- A federal appellate court recently tossed the American Hospital Association’s (AHA) lawsuit against HHS, which attempted to block $1.6 billion in 340B hospital payment cuts.
Three judges on the US Court of Appeals for the District of Columbia Circuit unanimously agreed that a lower court appropriately decided to dismiss the lawsuit filed by the AHA and several other industry groups because the groups failed to meet the “presentment” threshold.
The presentment threshold requires plaintiffs to present Medicare claims to the HHS Secretary to demonstrate the harm a rule caused. The requirement also states plaintiffs must exhaust all administrative remedies prior to seeking legal action.
However, the AHA’s challenge of the rule that would reduce 340B hospital payments was premature, the judges decided. AHA and other plaintiffs sued to challenge the rule the very day that HHS published it and before the rule’s effective date of Jan. 1, 2018.
“When the plaintiffs filed this lawsuit, neither the hospital plaintiffs, nor any members of the hospital-association plaintiffs, had challenged the new reimbursement regulation in the context of a specific administrative claim for payment,” Judge Gregory Katsas wrote in the court’s decision.
“Nor could they have done so, for the new regulation had not yet even become effective. Therefore, they had neither presented their claim nor obtained any administrative decision at all, much less the ‘final decision’ required,” he added.
The court also rejected the AHA’s argument that the industry groups had fulfilled the presentment threshold by submitting comments on the proposed rule to reduce 340B hospital payments in 2018. Comments opposing the proposed reductions to 340B hospital payments would not meet the threshold because the rule was not final, Katsas explained.
The appellate court’s recent rejection of the AHA’s lawsuit is merely a setback, the industry groups said in a recent statement. The AHA, alongside the Association of American Medical Colleges (AAMC) and America’s Essential Hospitals, vowed to continue fighting the $1.6 billion in 340B hospital payment cuts.
"As today’s decision stated, ‘The question presented is not whether they may obtain judicial review of their challenges….but when and how they may do so through the special-review scheme for Medicare claims.,’” the groups wrote.
“We will continue our fight to reverse these unwarranted cuts and protect access for patients, and we expect to refile promptly in district court,” the groups added.
The decision to reject the AHA’s case on 340B hospital payments comes just weeks after HHS Secretary Alex Azar called for greater oversight of the 340B Drug Pricing Program.
“Its creation in 1992 was a bipartisan accomplishment, an innovative way to have stakeholders augment federal support for the provision of healthcare to low-income Americans,” he recently said at the annual 340B Coalition meeting.
“Since then, billions of dollars of drug savings have been applied to charity care by entities covered by the program. We know that because of the sheer scale of the program. But at the same time, we simply do not know the scale of benefits that have been delivered.”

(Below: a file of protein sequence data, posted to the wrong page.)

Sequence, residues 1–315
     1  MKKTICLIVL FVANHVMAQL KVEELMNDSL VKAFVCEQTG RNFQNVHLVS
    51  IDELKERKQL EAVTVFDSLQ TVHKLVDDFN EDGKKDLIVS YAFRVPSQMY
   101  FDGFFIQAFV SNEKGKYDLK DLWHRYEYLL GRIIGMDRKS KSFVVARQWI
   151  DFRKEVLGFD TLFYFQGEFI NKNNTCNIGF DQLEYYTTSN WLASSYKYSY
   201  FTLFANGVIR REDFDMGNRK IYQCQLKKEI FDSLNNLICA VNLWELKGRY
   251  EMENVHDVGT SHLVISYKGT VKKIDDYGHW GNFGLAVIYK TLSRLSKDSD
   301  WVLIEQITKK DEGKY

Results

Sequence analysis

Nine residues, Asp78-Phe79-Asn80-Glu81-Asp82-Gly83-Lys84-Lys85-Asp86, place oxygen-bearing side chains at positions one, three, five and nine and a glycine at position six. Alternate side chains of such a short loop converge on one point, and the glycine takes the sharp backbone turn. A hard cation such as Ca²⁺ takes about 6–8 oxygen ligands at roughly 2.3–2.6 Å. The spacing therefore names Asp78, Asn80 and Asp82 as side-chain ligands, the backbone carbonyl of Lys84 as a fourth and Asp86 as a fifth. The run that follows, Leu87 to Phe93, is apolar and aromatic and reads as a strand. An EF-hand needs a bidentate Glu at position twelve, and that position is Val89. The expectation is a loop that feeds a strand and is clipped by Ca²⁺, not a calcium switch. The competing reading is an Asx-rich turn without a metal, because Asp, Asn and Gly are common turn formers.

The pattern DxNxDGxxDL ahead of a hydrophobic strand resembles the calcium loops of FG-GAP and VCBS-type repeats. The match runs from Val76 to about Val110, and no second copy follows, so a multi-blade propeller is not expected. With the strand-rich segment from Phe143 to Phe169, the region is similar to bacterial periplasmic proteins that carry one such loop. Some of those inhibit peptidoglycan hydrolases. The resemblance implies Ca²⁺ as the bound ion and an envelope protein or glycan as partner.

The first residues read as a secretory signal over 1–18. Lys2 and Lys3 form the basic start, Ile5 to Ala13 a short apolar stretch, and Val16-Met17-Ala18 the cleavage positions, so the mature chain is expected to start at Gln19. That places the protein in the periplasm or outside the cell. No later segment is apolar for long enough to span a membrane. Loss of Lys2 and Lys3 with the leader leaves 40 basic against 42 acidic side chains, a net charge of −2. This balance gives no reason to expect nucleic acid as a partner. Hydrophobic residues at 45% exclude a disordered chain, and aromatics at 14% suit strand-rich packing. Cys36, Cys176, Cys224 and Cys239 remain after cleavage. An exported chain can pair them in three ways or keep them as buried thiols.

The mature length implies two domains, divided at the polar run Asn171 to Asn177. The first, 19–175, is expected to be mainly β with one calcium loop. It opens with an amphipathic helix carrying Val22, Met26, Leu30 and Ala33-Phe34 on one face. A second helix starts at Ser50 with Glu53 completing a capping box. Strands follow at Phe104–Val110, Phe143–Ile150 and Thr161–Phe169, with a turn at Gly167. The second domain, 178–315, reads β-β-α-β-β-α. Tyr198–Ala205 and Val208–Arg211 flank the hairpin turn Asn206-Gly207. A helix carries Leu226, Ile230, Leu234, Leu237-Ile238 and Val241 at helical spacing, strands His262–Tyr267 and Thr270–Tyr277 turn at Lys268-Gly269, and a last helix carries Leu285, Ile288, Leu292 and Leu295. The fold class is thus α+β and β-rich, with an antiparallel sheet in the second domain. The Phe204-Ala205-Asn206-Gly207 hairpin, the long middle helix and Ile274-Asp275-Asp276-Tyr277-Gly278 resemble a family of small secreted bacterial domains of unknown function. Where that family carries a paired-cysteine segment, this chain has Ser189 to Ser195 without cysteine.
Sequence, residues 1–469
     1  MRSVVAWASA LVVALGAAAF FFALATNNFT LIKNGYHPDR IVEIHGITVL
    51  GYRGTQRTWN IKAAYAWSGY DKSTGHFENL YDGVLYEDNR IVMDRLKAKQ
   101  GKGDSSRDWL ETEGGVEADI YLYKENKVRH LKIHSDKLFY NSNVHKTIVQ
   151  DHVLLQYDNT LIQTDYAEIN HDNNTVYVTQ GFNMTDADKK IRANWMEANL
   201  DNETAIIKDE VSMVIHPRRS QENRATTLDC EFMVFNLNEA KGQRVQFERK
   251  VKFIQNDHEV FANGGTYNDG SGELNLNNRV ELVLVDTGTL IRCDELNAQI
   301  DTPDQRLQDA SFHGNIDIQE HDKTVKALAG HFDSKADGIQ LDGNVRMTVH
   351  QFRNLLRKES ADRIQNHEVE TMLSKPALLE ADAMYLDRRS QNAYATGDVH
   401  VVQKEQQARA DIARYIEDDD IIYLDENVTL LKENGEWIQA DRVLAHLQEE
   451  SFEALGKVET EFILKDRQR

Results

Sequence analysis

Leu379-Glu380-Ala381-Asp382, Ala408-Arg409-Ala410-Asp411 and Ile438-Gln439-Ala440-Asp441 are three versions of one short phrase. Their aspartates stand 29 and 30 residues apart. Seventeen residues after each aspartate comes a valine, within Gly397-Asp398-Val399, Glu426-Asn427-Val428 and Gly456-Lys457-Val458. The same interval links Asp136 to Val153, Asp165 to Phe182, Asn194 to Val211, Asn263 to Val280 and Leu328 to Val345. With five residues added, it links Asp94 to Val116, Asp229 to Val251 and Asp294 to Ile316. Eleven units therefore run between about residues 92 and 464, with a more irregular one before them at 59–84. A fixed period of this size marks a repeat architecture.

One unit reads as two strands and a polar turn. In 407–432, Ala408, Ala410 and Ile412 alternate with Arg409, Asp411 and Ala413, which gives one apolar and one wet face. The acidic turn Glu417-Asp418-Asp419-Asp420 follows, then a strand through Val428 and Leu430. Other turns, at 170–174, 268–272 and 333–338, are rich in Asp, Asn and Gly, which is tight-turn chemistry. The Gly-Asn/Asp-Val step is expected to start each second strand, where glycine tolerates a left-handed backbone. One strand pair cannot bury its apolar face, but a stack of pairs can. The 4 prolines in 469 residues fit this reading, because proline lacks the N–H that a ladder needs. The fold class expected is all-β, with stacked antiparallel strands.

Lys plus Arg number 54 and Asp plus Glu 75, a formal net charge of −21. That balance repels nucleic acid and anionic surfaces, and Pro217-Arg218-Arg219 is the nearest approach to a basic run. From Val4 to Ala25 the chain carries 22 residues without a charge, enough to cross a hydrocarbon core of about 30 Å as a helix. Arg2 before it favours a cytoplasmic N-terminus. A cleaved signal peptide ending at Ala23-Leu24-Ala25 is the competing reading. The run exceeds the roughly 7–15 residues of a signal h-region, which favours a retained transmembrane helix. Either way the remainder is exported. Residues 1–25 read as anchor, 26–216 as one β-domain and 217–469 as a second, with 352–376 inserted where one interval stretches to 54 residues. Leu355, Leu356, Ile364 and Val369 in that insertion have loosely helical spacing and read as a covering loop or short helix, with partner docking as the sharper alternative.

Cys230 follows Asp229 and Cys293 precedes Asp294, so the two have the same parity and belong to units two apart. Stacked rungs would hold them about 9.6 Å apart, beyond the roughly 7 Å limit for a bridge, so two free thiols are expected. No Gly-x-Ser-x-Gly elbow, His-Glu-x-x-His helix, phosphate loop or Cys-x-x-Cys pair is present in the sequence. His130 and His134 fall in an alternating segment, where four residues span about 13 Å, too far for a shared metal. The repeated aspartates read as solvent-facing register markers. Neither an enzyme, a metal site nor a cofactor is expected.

Without a way to measure the benefits of the program, Azar called for greater transparency into how hospitals are using the 340B drug discounts to provide care for low-income and vulnerable patients.
Policymakers are also currently debating whether to reduce the scope of the 340B Drug Pricing Program. The House Committee on Energy and Commerce recently held a hearing on ways to improve the drug discount program.
The committee debated several pieces of legislation, including a proposal from Representative Joe Barton (R-TX) that would increase eligibility thresholds for the program. Barton proposed to raise the minimum Disproportionate Share Hospital percentage from 11.75 percent to 18 percent.
The increased eligibility threshold would eliminate 573 of the 1,115 Disproportionate Share Hospitals currently in the program, a recent 340B Health analysis uncovered.
However, another bill on the table during the committee’s hearing aimed to reverse the multi-billion-dollar hospital payment reduction. Representative Doris Matsui (D-CA) created a bill that would prevent the payment cuts, as well as formalize penny pricing, which has been delayed for over a year.
Hospital groups have expressed concerns that greater oversight and potential reductions in the program would harm safety-net hospitals delivering comprehensive care to low-income and vulnerable individuals using the drug discounts from the program.
“[Barton’s proposal] would decimate the 340B drug pricing program and leave millions of low-income Americans with higher costs and less access to care,” stated Maureen Testoni, Interim President and CEO of 340B Health. “Such a drastic change would put enormous pressure on safety net hospitals, clinics, and health centers.”
The 340B Drug Pricing Program could face many changes in the near future as providers, hospitals, policymakers, and other stakeholders consider how to best run the program and administer the program’s incentives to hospitals.